Working with Jason Varitek as his catcher that day was “the best. As rookies coming up, we aren’t going to shake off Varitek, right? Whatever he called, I tried to throw.”22
In January 2007, Amy K. Nelson actually traveled to Pearl Lagoon to see what the place was like. Hansack showed her the house in which he had been born and still lived, just behind the center-field scoreboard.
Come the 2007 season, with the idea of trying Jonathan Papelbon as a starter instead of reliever, the Red Sox looked over quite a number of pitchers during spring training for the open slot in the bullpen. Amalie Benjamin wrote that Hansack’s “stuff still intrigues the Red Sox.”23 It didn’t take long in spring training, however, to come to the decision to keep Papelbon in the pen. Hansack was placed with Pawtucket to start the season.
He had a terrific start with the PawSox, striking out 20 batters in his first 10⅔ innings, and winning his first two games, allowing only one earned run. On May 3 Boston’s Mike Timlin was diagnosed with right shoulder tendinitis, placed on the 15-day disabled list, and Hansack was called up.
On May 8, at Rogers Centre, Josh Beckett pitched seven innings of one-run ball. Francona asked Hansack to work the bottom of the eighth. He did, but he struggled. He walked the first two batters, then induced a grounder to get a force out at second base. A single drove in one run (the Red Sox still led, 9-2), with a strikeout and another walk — loading the bases — following. J.C. Romero came on and struck out the last batter. Hansack was optioned back to Pawtucket, the Red Sox preferring to see him starting there.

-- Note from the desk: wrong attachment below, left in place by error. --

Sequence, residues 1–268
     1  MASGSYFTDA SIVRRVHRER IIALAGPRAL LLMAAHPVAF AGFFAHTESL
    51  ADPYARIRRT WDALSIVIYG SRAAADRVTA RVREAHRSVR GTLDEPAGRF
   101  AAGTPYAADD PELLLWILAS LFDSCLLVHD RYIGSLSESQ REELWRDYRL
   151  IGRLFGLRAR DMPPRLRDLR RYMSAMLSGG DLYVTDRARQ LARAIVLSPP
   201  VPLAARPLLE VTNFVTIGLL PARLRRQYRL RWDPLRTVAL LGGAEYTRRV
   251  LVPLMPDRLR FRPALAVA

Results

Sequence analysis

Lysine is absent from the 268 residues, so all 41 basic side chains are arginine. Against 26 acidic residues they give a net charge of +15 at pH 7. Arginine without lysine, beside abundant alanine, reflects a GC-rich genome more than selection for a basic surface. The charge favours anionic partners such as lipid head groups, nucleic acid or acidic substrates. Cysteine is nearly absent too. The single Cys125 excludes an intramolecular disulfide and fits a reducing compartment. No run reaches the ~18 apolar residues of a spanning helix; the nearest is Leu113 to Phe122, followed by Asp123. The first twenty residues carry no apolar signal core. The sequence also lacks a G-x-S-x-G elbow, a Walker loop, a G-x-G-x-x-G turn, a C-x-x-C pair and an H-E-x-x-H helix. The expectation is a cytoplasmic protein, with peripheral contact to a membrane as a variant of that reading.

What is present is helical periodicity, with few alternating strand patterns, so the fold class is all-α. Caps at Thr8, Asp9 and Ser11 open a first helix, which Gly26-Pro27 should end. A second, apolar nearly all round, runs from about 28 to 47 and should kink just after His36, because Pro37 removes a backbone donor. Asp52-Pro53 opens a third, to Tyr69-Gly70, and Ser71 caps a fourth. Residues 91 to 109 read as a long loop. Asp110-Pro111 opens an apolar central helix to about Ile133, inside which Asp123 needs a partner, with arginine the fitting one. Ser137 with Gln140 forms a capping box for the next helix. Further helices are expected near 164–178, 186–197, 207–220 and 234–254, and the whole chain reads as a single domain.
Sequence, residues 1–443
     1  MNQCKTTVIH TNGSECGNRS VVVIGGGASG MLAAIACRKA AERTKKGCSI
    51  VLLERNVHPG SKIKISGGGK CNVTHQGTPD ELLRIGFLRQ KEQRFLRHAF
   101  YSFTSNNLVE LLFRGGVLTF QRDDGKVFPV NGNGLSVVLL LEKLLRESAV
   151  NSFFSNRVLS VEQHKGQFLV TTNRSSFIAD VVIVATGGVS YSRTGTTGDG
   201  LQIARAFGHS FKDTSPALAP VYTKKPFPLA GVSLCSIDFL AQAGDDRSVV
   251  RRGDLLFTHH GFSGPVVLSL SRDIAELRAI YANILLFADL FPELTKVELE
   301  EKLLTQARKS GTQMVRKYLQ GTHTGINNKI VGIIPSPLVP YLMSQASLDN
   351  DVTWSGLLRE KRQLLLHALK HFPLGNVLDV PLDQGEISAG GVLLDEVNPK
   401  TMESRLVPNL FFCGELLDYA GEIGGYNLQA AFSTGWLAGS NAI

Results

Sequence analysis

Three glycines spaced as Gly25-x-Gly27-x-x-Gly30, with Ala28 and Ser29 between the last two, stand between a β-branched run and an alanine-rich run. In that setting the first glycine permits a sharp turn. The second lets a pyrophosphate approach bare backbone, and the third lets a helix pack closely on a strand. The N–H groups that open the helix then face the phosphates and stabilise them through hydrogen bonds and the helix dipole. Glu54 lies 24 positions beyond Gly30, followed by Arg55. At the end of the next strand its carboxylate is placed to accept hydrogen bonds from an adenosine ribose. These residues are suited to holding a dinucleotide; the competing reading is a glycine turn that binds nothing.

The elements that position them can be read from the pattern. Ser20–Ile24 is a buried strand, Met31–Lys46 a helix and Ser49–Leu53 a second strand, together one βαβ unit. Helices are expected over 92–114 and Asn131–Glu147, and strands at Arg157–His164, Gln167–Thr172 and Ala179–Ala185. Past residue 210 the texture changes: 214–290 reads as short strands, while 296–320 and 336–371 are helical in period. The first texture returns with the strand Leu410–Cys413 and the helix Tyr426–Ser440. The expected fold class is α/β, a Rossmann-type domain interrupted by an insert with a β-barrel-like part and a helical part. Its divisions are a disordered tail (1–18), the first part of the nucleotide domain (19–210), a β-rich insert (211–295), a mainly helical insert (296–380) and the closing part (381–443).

On May 17 Josh Beckett tore some skin on a finger, and Hansack was recalled. The next evening, in the second game of a day/night doubleheader against visiting Atlanta, Hansack was given a start. A solo homer by Chipper Jones marred his first inning. In the second inning, a Matt Diaz double drove in a second run. And in the fourth, Diaz homered. An error followed by another double made it 4-0, Braves. Hansack completed the fourth, but had taken a ball hit off his finger and was replaced by Joel Pineiro come the fifth. X-rays were negative. The final score was 14-0, Braves, and Hansack was the losing pitcher. After the game he was sent back to Pawtucket with Kason Gabbard brought in to take his place.
For Pawtucket in 2007, Hansack started in 23 (of 25) games and was 10-7, 3.61.
On September 1, 2007, rookie Clay Buchholz threw a no-hitter in his second major-league start. There had been close ones — notably Billy Rohr, in 1967 — but no Red Sox rookie had ever thrown a no-hitter before — since Hansack’s five-inning no-hitter was deemed not to qualify.
On September 4, after rosters expanded, Hansack rejoined the Red Sox. He pitched three full innings in Baltimore on September 8. The Sox were already down, 11-4, at the midpoint of the game. Hansack pitched the fifth, sixth, and seventh, allowing two hits and no runs. It was his last appearance of the season. The Red Sox had a 5½-game lead over the pack, in first place in the American League East, but it was a fragile lead that dipped to as little as a game and a half on September 19 and again on the 23rd. They held on and won the division, and ultimately the World Series.
For his part, Hansack had a 0-1 record (4.70) to go with the world-championship ring the Red Sox presented to all who had been on the team at any point in the season.